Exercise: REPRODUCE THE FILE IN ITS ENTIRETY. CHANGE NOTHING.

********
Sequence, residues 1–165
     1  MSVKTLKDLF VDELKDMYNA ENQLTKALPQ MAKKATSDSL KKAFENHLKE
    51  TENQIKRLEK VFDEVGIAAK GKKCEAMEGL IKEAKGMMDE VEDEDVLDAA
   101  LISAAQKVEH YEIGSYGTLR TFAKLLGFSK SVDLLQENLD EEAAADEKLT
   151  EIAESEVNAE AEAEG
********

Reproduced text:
Sequence, residues 1–165
     1  MSVKTLKDLF VDELKDMYNA ENQLTKALPQ MAKKATSDSL KKAFENHLKE
    51  TENQIKRLEK VFDEVGIAAK GKKCEAMEGL IKEAKGMMDE VEDEDVLDAA
   101  LISAAQKVEH YEIGSYGTLR TFAKLLGFSK SVDLLQENLD EEAAADEKLT
   151  EIAESEVNAE AEAEG